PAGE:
Sometimes celebrities may get called in to voice act, so they can advertise their name to grab the viewer’s attention. This can go out to a certain extent, like in Fantastic Mr. Fox, Owen Wilson was advertised as a role on almost all of the posters, even though he only played one character in one scene. Misleading advertising usually doesn’t end well. Sometimes the casting will be an “all-star cast,” where all of the main characters are played by celebrities. Megamind is one example, where every main role was played by experienced actors, but not voice actors. Celebrity casting is usually a gimmick, and should be handled with caution.

Then, if one voice actor is really flexible on a television show, they can be casted for more than one character. If there’s a background character that has one line and will probably never speak again, an existing voice actor will be casted instead of hiring a new one, because it’s cheaper. Some are so flexible that they can portray dozens of characters, maybe even on the same show! Even if they aren’t flexible, a computer can remix their voice to give a unique computer-generated voice, but still played by the same voice actor. One extensive example is YouTube series Battle for Dream Island, where the entire cast is done by two twin brothers with the exception of four characters. Michael Huang currently does 21 voices, while Cary Huang does 7 of them. Some voice actors, like Tara Strong, Steven Blum, and Mel Blanc can do as much as a hundred characters, even if some are never seen again for years. Roy Dotrice holds the record for the most distinct voices in an audio book, with 224 for his recording of A Game of Thrones. Flexibility is a must-have, but difficult to pull of exponentially.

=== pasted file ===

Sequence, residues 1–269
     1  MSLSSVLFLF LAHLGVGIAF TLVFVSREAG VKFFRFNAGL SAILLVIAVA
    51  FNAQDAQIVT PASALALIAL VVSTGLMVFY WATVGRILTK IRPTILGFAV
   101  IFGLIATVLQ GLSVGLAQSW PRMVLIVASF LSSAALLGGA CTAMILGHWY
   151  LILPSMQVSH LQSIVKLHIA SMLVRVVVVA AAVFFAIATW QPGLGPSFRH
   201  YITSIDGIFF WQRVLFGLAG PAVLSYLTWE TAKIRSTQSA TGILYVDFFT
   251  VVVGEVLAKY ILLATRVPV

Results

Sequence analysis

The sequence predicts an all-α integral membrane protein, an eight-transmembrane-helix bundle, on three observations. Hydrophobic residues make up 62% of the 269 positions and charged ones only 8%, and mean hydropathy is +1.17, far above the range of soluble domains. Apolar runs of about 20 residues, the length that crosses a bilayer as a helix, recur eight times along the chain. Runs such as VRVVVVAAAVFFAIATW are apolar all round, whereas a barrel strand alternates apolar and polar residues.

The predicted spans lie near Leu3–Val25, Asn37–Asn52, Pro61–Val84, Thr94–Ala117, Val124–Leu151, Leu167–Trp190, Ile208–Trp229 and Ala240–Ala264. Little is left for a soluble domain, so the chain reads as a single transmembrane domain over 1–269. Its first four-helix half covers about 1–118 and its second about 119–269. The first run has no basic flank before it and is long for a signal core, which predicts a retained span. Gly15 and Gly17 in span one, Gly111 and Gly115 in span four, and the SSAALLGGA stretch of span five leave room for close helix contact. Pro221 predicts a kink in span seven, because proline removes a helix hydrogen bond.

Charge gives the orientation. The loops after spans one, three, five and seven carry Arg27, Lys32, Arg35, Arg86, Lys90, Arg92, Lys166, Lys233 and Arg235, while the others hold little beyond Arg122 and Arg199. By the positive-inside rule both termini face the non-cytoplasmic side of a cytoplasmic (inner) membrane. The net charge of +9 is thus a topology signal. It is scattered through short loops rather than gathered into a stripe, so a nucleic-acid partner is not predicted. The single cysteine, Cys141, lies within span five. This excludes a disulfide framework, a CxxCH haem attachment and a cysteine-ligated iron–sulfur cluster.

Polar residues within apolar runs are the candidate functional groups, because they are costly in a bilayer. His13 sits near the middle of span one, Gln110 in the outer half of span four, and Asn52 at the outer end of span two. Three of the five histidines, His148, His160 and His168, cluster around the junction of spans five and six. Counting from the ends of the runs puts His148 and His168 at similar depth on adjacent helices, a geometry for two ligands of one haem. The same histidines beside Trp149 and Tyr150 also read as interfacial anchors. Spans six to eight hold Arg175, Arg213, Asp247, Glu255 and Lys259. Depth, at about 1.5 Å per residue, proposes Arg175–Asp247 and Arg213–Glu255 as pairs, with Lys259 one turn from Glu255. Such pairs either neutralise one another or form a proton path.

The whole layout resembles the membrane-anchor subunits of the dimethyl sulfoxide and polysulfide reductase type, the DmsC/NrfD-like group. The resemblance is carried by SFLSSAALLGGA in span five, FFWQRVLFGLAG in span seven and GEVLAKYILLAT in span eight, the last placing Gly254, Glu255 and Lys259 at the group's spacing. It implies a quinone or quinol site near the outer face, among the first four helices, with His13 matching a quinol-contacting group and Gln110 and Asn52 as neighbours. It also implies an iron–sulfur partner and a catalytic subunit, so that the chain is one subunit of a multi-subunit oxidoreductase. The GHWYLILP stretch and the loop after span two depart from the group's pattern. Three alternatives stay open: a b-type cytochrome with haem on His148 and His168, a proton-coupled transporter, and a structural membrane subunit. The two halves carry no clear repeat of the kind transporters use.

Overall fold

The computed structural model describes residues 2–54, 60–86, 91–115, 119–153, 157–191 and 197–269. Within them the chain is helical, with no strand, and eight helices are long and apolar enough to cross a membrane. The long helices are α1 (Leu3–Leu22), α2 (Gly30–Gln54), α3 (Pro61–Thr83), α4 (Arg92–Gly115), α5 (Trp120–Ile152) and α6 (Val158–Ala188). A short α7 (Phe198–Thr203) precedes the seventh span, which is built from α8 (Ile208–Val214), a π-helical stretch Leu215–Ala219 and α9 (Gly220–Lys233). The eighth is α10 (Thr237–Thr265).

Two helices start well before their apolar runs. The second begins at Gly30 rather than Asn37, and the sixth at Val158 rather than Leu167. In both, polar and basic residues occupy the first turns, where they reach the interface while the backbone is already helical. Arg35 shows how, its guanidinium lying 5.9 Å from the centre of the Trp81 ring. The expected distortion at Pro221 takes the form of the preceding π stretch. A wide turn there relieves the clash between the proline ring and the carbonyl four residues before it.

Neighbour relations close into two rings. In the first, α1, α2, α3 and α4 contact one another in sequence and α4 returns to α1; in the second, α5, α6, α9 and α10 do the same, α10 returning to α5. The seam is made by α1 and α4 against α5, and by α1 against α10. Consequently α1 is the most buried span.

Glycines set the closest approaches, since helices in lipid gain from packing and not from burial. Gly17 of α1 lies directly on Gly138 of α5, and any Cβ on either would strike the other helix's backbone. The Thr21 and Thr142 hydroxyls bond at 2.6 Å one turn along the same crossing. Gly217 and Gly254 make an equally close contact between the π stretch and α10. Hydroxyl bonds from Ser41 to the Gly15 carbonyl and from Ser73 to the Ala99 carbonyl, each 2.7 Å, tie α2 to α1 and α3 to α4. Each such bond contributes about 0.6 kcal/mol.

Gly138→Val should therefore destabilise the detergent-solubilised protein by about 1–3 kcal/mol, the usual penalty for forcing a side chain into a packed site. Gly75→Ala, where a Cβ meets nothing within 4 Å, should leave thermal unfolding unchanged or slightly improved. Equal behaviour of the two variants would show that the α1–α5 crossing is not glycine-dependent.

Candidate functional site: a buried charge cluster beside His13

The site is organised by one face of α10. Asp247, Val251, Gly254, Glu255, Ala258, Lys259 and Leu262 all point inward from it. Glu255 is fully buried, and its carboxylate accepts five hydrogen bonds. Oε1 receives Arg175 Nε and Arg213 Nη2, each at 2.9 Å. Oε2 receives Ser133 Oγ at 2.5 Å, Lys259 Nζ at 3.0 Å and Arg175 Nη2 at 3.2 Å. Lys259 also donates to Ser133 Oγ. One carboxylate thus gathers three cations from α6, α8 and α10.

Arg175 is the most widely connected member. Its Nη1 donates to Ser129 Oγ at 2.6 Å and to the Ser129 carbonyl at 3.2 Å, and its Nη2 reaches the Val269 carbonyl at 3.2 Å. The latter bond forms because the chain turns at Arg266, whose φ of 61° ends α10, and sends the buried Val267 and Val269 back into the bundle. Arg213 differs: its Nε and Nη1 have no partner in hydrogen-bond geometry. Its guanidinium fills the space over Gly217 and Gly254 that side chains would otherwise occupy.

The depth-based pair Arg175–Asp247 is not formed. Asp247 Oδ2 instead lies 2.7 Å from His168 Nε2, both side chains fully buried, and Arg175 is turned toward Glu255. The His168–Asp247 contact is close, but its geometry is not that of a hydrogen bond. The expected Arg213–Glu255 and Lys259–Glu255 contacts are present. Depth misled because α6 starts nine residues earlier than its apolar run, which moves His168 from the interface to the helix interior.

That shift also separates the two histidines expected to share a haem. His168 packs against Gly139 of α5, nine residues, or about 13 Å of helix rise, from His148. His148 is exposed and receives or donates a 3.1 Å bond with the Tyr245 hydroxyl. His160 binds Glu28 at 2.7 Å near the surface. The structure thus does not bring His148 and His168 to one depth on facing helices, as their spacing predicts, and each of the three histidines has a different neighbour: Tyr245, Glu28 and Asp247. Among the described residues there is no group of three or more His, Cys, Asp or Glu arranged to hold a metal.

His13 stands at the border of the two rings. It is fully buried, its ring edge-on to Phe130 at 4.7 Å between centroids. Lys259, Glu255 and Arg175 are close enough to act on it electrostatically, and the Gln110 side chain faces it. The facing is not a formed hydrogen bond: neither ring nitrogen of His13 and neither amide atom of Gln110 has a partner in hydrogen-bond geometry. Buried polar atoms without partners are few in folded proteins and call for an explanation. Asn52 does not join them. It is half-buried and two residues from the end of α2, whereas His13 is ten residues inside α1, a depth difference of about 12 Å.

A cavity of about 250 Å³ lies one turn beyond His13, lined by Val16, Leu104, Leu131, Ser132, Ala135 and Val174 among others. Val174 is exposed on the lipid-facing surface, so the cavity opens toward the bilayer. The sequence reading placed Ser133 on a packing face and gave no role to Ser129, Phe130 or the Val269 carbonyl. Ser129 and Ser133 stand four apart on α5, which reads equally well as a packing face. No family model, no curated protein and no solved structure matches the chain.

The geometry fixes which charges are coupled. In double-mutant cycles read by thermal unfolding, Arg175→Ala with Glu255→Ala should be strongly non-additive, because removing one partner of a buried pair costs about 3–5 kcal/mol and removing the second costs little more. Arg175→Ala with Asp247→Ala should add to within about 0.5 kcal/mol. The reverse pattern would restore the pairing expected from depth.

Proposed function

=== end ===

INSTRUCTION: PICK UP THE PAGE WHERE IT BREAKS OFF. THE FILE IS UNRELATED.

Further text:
Incidentally, what does a day in the life of a voice actor look like? Recording is done several months before publication, falling right between the writing and animation stages of production. If they have a job for you to do, the studio calls you up, and you drive over when they tell you to. The studio is usually away from the noise of a highway or a city, has a desk where all the computers and remixing equipment are, and a room with a few microphones and soundproofing materials for minimal background noise. Sometimes a more natural setting is chosen, where everybody drives to the same setting that the scene is in and records their lines over there. A script with everybody’s line is given to you, along with a grid of everybody’s role(s). You should highlight your lines and practice them repeatedly. When it is your turn, they call you up along with anybody else with anybody else that has a line in that conversation. After that, put on whatever accent you need and start recording! A glass of water should be beside you in the studio, since liquids in clear up your throat if it feels scratchy. If the writers already have a storyboard for you, you will see it as you are recording. If everybody is finished with their lines, give each other a high-five and drive home. There isn’t much else after that, just the studio reviewing the lines one final time to see if they’re done right. Recording is a long, but very accomplishing.